Wednesday, December 16, 2009

An update on the Galesburg Silver Streaks

This is the team that I wrote about earlier in the week, the girls who set a new Illinois prep record by attempting 71 3-pointers in an 83-67 victory over Morton last Saturday. Perhaps even more impressive (for those of us who are fans of "The System"), Galesburg took 92 shots in all despite running delay game the final 2:30 of the fourth quarter. That is way over the goal for a high school girls' game.

Here's what coach Evan Massey would like to see from his team each game:

  • 72 field goal attempts
  • 36 attempted 3s
  • Recovering 40% of the misses as an offensive rebound
  • Forcing 26 turnovers
  • Shooting a total of 15 more shots than the opponent

I had the chance to speak with Coach Massey this week. He's a neat guy in his 32nd season with the Silver Streaks and he fast is approaching 700 career victories; his current total of 698 is third all-time in Illinois history, trailing Dorothy Gaters (908) of Chicago Marshall and Dave Powers (729) of Oak Park Fenwick. Overall, Massey is 698-251.

Last season, Galesburg finished 14-18, ending a run of 21 consecutive seasons with at least 20 victories. It was the first losing season since 1986-87 (when I was a senior in high school!) and, more importantly, the Streaks averaged only 48 points per game.

Thus began the switch to "The System." Massey played at Knox College, which is a member of the Midwest Conference along with Grinnell, so he saw first-hand back in the day how bad the Pioneers were. He figured anyone who turned around that program, as Coach Arsenault did, had to be on to something.

Massey also made it a point to attend each Grinnell visit to Knox and he found many of his neighbors there, most of whom never came to other games. They simply were there to watch the Pioneers. He decided at that point to take the plunge, and so far, he's very happy with the move. Here are some of his other thoughts on his season so far:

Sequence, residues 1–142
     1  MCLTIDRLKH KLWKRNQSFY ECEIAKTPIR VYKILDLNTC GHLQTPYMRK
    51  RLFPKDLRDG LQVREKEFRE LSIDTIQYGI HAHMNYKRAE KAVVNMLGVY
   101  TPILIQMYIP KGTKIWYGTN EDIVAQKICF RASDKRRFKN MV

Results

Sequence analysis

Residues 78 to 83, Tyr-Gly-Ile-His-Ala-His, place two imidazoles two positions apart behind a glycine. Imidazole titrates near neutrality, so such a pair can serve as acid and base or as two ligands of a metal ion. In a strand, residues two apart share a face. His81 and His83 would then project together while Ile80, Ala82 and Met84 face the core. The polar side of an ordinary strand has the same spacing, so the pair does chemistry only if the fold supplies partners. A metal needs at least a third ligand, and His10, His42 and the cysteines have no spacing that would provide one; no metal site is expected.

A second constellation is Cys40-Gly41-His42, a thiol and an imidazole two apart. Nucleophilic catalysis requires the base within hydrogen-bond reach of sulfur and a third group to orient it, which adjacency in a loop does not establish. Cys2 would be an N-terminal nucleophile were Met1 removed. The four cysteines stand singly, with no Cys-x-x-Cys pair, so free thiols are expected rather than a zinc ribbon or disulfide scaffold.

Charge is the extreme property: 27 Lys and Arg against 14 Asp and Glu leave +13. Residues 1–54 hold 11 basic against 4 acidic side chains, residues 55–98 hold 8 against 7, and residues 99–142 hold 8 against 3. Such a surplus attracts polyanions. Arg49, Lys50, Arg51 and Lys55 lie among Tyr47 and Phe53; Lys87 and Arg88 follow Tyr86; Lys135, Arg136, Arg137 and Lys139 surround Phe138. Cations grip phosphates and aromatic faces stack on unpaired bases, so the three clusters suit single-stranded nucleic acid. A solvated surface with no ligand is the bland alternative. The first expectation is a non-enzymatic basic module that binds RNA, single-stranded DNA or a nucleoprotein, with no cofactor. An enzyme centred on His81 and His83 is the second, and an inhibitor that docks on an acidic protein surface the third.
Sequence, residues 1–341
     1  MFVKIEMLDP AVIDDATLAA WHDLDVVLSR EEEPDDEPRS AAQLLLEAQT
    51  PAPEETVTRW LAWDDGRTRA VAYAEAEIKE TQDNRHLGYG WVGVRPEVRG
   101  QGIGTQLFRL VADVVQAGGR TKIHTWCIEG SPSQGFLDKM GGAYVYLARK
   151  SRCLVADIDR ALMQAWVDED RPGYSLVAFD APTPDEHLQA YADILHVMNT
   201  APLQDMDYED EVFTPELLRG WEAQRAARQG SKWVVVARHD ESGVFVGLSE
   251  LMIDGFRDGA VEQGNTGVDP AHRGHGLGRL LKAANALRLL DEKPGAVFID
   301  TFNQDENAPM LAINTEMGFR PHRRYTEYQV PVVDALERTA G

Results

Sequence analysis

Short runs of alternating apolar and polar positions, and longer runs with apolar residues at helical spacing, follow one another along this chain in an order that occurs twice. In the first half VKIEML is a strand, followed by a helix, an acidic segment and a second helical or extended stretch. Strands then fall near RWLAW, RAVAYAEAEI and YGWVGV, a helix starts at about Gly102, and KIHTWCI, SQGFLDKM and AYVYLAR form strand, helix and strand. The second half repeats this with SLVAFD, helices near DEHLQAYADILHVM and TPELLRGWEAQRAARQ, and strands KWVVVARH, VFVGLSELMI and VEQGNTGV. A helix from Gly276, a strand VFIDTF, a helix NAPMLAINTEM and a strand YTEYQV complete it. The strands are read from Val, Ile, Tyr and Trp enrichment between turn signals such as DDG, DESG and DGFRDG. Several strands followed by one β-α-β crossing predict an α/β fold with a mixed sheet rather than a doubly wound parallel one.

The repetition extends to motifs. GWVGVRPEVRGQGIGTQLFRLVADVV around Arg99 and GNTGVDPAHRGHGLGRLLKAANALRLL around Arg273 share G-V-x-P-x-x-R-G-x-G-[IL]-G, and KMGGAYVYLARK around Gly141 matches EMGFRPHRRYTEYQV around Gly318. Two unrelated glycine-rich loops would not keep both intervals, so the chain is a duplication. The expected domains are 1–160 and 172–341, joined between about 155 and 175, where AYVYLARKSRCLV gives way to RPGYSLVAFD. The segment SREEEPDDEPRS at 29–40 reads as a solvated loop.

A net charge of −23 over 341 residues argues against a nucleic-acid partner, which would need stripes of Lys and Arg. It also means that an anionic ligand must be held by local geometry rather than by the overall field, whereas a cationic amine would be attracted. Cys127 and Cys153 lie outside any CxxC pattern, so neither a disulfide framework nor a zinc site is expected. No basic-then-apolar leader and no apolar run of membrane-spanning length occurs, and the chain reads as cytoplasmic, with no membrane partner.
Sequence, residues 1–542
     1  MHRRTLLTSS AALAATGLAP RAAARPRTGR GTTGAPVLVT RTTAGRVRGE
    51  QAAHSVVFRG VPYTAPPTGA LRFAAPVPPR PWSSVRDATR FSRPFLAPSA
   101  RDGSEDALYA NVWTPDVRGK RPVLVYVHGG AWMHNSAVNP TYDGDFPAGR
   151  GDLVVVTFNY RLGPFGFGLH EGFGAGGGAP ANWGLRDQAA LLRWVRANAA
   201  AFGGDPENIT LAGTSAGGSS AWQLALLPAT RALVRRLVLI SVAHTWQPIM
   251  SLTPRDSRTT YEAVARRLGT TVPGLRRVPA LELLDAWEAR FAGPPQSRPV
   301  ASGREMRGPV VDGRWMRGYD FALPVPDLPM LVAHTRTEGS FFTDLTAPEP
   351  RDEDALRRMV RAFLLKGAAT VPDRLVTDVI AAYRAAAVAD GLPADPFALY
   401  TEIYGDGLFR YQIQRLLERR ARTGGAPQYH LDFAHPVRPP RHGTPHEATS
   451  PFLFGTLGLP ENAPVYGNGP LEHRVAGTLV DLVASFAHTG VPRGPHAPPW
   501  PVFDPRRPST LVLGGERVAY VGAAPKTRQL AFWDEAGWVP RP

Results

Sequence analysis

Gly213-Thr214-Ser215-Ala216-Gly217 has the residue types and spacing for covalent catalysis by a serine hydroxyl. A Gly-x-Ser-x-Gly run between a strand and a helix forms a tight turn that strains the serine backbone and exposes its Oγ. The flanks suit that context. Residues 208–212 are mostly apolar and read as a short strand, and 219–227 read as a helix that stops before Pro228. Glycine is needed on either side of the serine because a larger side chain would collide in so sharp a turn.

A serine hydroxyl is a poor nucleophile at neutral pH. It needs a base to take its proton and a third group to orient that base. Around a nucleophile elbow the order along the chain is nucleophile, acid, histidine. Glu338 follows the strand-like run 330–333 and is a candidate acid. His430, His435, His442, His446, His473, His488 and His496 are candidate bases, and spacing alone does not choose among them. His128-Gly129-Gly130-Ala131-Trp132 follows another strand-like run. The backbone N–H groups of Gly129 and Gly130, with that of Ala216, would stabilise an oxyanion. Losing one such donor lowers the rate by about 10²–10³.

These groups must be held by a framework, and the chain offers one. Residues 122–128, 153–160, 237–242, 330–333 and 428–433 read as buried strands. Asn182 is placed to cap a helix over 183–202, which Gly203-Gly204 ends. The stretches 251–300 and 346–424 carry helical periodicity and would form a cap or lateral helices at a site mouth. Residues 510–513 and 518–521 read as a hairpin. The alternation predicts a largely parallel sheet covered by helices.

(On one of the moments when he decided what he was going to do)

"My son and I were coming home from watching a boys' sectional game, and we stopped to get something to eat. I had taken him with me to watch Grinnell play, so I told him, 'Here's what I'm thinking about doing.'

"I was amazed at his reaction. He thought it was such a neat thing. Then when I met with a small group of players and showed them a PowerPoint of what we were going to try to do, I could tell by their reaction that it was going to be popular with the kids."

(On his feelings now that he's into the season)

"I don't think there is a doubt in my mind that it was the right thing to do. It's obvious, if you're going to do this, you have to have the players give 100 percent, and they are buying into it. My administration is very enthusiastic about it, because, after all, it's high school sports, and they see 13 girls getting a chance to play every game. A year ago, it would have been six or seven.

"I will say that if I was just starting out, I don't know if I would have the courage to do this. Whenever we lose, the first question after the game from the media always is about 'The System,' and could we have won playing a more conventional style."

(On the changes to his daily planning because of "The System")

"I told somebody this earlier this year. It's amazing how much time I spent comparing my players to each other, to see who deserved more playing time. I wanted to know who was the best one and was she getting enough playing time. Now, we've got a chance to prove it on the floor, because everybody plays.

"It used to be every Sunday afternoon, I would spend all my time watching the next opponent on video, as many of them as I had tape on. The positive now is that I can concentrate more on what we're doing. It really doesn't matter what anyone else does. We spend a lot more time looking at ourselves."

Good stuff. I appreciate Coach Massey taking the time to talk to me. He and the Streaks (6-5, 0-3 Western Big 6) travel to Alleman (8-4, 2-1) on Thursday night, facing one of the powers in their conference. I'll let you know how it went.

No comments:

Post a Comment